Just one day before Halloween, there’s a bit of a frenzy inside the Halloween Adventure Shop on 4th Avenue. Customers walk in carrying sopping wet umbrellas, and they leave behind their slippery footprints. Inside, they shuffle around the store, some selecting the final touches to their costumes, others still looking for inspiration as they browse the wall of wigs.
These last-minute shoppers are helping keep afloat New York costume stores, which have largely been struggling since the pandemic caused a statewide shutdown in March. For these stores, the month of October is crucial for revenue, and retail workers expressed concern that the coronavirus would dampen costume sales during this year’s spooky season. But many businesses have been pleasantly surprised by an uptick in traffic during the final countdown to Halloween.
“I think people just want to let it out and have some fun,” says Jodi Lewis, a buyer at Halloween Adventure, which brands itself as New York’s biggest year-round costume store. “I think that’s why the surge came at the end—because nobody was sure what they were doing.”
Lewis barely has two minutes to stop and talk before she gets called away by a customer looking for platform shoes. Many of her customers, she tells me, still have no concrete plans for Halloween. “A lot of people literally said they are getting dressed up, and they are going to look out their windows,” Lewis recounts.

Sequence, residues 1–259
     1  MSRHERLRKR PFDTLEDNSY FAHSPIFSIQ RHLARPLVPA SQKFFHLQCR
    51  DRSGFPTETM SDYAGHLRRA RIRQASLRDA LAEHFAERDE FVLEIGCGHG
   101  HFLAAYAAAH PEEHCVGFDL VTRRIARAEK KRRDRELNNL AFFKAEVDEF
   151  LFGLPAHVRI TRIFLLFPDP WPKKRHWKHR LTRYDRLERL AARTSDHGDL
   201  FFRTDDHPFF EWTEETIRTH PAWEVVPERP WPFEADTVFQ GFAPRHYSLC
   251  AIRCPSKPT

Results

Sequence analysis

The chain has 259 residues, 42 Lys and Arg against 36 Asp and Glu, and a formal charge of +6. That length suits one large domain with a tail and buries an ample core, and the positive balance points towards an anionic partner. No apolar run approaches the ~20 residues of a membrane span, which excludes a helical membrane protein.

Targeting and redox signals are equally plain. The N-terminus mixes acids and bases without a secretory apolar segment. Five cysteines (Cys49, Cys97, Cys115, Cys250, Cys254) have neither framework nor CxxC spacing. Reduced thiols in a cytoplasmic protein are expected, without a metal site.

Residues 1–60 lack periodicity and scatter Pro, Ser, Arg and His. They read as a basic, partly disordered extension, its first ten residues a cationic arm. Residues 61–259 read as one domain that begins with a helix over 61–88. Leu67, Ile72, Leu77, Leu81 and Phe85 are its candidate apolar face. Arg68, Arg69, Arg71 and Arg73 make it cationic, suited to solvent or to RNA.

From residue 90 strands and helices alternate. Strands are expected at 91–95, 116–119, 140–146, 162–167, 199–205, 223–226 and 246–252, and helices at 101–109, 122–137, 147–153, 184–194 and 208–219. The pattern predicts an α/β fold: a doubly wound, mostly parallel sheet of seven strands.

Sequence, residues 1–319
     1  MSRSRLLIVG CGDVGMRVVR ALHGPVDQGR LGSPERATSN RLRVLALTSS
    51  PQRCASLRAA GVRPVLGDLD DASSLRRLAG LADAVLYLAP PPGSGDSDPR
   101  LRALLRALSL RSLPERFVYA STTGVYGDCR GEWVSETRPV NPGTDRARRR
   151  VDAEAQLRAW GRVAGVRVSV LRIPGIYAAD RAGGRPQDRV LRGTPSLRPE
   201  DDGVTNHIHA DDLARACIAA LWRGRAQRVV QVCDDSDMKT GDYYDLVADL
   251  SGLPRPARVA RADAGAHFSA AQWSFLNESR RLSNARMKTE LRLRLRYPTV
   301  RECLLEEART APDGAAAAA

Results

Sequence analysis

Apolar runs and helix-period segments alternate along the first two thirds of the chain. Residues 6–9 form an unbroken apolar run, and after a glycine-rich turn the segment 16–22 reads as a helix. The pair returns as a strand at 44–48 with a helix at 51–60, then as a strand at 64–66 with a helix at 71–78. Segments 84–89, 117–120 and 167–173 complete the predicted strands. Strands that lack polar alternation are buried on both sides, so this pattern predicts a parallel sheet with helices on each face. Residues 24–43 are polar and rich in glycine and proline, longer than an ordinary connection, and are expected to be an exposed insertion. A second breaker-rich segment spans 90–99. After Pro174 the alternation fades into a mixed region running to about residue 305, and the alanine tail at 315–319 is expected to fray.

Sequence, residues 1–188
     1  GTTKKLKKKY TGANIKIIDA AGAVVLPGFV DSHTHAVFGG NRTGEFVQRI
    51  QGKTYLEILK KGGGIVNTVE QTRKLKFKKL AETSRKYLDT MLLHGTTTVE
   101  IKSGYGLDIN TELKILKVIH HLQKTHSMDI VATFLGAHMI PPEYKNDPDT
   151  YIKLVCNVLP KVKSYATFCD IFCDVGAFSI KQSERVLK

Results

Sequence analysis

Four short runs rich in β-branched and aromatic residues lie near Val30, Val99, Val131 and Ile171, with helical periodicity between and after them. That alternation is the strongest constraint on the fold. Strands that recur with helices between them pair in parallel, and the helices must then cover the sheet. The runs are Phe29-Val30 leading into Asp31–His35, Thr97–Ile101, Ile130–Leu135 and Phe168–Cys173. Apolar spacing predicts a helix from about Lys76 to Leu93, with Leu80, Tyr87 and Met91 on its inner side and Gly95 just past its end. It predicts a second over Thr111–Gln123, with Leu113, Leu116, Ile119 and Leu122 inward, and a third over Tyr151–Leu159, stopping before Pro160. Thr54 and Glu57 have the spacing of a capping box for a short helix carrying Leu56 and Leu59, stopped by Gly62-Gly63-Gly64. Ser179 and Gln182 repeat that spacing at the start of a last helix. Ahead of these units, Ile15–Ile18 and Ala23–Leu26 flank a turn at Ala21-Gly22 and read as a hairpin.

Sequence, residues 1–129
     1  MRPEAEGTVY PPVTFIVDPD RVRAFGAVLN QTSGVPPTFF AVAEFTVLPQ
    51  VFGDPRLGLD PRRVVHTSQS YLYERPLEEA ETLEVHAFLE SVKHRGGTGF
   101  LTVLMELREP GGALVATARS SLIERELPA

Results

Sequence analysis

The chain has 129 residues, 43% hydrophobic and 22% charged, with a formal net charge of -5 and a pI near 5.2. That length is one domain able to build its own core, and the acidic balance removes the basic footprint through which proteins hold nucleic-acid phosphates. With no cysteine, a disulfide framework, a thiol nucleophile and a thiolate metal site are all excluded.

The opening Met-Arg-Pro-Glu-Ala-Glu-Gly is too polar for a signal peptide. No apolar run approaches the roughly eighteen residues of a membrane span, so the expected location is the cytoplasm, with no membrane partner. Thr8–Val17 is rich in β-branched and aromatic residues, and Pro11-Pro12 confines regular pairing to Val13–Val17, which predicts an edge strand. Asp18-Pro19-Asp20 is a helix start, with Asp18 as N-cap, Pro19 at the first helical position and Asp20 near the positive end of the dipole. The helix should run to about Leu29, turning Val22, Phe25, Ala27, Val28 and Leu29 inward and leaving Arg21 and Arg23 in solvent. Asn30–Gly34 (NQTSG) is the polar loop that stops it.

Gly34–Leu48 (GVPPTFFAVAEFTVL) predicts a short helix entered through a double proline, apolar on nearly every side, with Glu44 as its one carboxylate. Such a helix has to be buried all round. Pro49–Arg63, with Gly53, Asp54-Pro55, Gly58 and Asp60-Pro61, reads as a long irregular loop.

That might be because many traditional Halloween events have been cancelled, including the annual Village Halloween Parade in Greenwich Village, the notorious Webster Hell Halloween Party in the East Village. Mayor Bill de Blasio has also emphasized that trick-or-treating should not be done in hallways of apartment buildings. And in a news briefing earlier this week, de Blasio called the latest Covid numbers “worrisome” and urged New Yorkers to avoid big parties.
Still, many events are still finding ways to proceed safely, like the socially distant scavenger hunt at Hudson Yards and safe trick-or-treating at Brooklyn’s Children Museum. Other events, like last weekend’s Tompkins Square Halloween Dog Parade, are going virtual. Even the Village Halloween Parade, though cancelled, is shifting creatively by instead streaming a miniature parade that will feature tiny floats and puppets that pass by iconic NYC buildings.
Whether people are trick-or-treating or staying indoors, the pandemic is also influencing what types of costumes people are buying. Chelsey Staples, a sales associate at Abracadabra Superstore, says ninja costumes with full latex body suits are especially popular this year. She’s also seen more people opt for colored contacts— since the eyes are the one part of the face that is visible— or astronaut suits that include helmets.
“I can’t guarantee the helmets will work as well as [face] masks, but that’s what people are trying to do,” jokes Staples.
If it weren’t for the pandemic, this year’s Halloween could have been a standout one. This year is what Laura Wills dubs a “triple header.” Wills, who owns the long-running vintage fashion and costume store Screaming Mimi’s, explained that this year’s Halloween falls on the night of a blue moon, a full moon and a Saturday. It’s also daylight savings, giving people an extra hour to party.
“If this were not a pandemic year, it would be an incredible, incredible season,” Wills says. “But you know, we are holding our own.”
Wills says she was debating whether to even celebrate Halloween this year. Usually, she transforms the entire Greenwich Village store into a themed Halloween experience with elaborate window displays. After much deliberation, she finally decided to go for it. “We owe it to the customers,” she said.